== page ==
Ground works connected with filling the excavations from the fifth stage of archaeological research on Westerplatte ended on the 15th of November 2019. The research was received by protocol by the Pomeranian Provincial Monument Conservator in Gdańsk, stressing the necessity and the legitimacy to continue the archaeological works there. During the fifth stage of the research, the archaeologists from the Museum of Westerplatte and the War of 1939, branch of the Museum of the Second World War in Gdańsk, found nine intact or fragmented skeletons of people, as well as a few hundreds of human bones. Artefacts acquired at the skeletons, as well as traces of injuries visible in the bones suggest that the remains belong most probably to the defenders of the Military Transit Depot fighting in September 1939 on Westerplatte.
Today, the site of the works which had ended on the 15th of November, was visited by the Mayor of Gdańsk, Ms Aleksandra Dulkiewicz and the employees of the Gdańsk City Hall. She was welcomed by the Museum’s Director, Karol Nawrocki, PhD, the Head of the Department of the Museum of Westerplatte and the War of 1939, Mariusz Wójtowicz-Podhorski, and Filip Kuczma, the head of the archaeological works. During the meeting, Filip Kuczma told the guests about the details of the fifth stage of the works, he showed the place where the remains were found, and he presented selected archaeological artefacts found with the fallen.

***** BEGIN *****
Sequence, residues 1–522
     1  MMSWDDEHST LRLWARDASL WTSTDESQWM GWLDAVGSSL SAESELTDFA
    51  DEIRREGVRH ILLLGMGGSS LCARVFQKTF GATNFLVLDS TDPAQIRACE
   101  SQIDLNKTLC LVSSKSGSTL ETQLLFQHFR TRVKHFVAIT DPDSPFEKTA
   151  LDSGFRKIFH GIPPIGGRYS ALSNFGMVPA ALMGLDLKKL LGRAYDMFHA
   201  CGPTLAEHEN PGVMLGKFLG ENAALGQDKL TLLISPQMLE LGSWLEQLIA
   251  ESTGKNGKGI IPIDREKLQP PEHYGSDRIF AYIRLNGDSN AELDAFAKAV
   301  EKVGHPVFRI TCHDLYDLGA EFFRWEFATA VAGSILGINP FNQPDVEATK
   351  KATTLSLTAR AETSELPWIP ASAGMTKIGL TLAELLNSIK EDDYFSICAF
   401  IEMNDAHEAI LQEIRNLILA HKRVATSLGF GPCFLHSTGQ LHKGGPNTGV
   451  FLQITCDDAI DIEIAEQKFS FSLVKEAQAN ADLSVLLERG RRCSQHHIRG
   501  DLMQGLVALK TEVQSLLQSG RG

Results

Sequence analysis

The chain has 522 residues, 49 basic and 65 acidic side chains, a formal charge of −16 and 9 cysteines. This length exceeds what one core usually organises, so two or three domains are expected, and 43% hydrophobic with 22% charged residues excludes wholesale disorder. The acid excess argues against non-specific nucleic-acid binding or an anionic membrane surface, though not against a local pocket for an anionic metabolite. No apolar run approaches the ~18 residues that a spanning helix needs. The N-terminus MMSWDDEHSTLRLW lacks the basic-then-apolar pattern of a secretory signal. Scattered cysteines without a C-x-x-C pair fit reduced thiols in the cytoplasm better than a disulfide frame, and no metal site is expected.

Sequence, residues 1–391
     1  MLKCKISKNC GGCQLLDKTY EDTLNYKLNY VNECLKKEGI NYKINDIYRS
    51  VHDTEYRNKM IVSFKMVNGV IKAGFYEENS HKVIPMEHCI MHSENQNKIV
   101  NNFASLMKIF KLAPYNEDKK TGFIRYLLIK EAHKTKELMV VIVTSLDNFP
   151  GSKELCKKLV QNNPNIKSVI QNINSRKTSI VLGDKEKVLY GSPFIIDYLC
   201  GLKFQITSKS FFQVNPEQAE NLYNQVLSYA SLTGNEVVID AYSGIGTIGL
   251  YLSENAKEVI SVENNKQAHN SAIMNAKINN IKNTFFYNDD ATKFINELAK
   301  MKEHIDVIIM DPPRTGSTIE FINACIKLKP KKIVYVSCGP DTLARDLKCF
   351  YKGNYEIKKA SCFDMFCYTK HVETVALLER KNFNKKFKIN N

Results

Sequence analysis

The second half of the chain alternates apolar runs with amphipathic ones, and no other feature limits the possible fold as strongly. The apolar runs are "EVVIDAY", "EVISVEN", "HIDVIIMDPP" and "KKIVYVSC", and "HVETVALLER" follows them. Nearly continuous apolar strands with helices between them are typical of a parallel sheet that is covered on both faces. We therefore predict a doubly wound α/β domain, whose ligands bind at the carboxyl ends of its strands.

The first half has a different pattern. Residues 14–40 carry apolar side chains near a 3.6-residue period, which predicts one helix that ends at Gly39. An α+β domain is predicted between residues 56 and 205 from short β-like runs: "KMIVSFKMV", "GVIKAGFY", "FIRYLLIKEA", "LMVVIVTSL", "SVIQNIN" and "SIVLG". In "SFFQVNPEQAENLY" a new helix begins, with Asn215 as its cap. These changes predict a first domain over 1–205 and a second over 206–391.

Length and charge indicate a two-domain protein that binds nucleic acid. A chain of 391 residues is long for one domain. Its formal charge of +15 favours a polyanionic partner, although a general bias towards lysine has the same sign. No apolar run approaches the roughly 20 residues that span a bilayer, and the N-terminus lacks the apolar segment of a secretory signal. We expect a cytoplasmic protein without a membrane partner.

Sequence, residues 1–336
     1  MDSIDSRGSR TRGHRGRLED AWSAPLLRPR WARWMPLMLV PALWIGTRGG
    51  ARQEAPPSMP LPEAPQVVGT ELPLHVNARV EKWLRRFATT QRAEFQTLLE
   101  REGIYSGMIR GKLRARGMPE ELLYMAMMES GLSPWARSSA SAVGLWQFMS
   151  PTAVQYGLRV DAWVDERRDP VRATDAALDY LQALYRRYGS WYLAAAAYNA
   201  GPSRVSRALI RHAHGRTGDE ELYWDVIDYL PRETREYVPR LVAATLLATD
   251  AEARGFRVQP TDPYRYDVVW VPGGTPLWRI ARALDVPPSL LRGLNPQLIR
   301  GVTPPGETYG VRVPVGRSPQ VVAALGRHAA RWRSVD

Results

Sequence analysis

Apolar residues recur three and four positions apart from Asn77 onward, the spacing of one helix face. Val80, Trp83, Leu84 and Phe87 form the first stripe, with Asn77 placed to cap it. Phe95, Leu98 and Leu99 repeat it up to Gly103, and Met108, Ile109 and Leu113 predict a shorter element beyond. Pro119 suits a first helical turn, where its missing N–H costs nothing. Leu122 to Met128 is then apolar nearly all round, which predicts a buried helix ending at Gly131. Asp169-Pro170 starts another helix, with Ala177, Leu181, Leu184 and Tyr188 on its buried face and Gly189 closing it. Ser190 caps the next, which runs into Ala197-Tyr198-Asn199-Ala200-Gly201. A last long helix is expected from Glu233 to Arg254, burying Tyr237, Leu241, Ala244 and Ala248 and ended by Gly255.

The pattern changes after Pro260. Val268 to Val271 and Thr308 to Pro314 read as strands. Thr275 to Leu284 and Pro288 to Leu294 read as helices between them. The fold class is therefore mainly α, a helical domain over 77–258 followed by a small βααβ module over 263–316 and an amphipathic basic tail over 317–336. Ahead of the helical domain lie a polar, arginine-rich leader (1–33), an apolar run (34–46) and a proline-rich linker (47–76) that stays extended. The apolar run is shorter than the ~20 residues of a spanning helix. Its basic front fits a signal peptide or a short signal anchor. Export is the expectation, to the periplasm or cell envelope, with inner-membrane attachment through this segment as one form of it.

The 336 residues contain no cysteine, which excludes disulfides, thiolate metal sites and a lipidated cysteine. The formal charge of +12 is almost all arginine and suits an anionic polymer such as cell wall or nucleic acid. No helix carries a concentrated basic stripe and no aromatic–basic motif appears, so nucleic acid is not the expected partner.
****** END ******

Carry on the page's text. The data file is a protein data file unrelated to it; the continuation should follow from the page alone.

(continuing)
Director of the Museum of the Second World War, Karol Nawrocki, PhD, reminded that an investigation is currently being carried out by the prosecutor's office of IPN Investigation Division concerning the discovered remains. Meanwhile, the remains were moved to the Pomeranian Medical University in Szczecin for genetic studies aimed at identifying the fallen.
Moreover, Director Nawrocki informed the Mayor of Gdańsk about yet another, sixth, stage of the archaeological research planned for 2020. He also asked the Mayor to influence her subordinate officials not to hinder the works carried out by the Museum on the Westerplatte Peninsula, as had been the case during previous seasons of the archaeological research.
At the end of the meeting, the Director of the Museum stressed the necessity to hold a state funeral next year for the fallen Defenders of Westerplatte, pointing out that the Polish State, using the hands of the archaeologists from the Museum of the Seconds World War, asked for the remains of the Heroes and that the Polish State shall bury them proudly after 80 years in nameless graves.